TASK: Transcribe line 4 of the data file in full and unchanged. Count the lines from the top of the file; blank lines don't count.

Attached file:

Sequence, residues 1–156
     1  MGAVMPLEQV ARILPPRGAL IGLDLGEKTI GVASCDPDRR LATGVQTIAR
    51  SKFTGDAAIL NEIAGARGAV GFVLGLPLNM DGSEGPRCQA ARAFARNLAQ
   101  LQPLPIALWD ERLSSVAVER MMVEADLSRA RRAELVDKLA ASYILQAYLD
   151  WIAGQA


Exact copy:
   101  LQPLPIALWD ERLSSVAVER MMVEADLSRA RRAELVDKLA ASYILQAYLD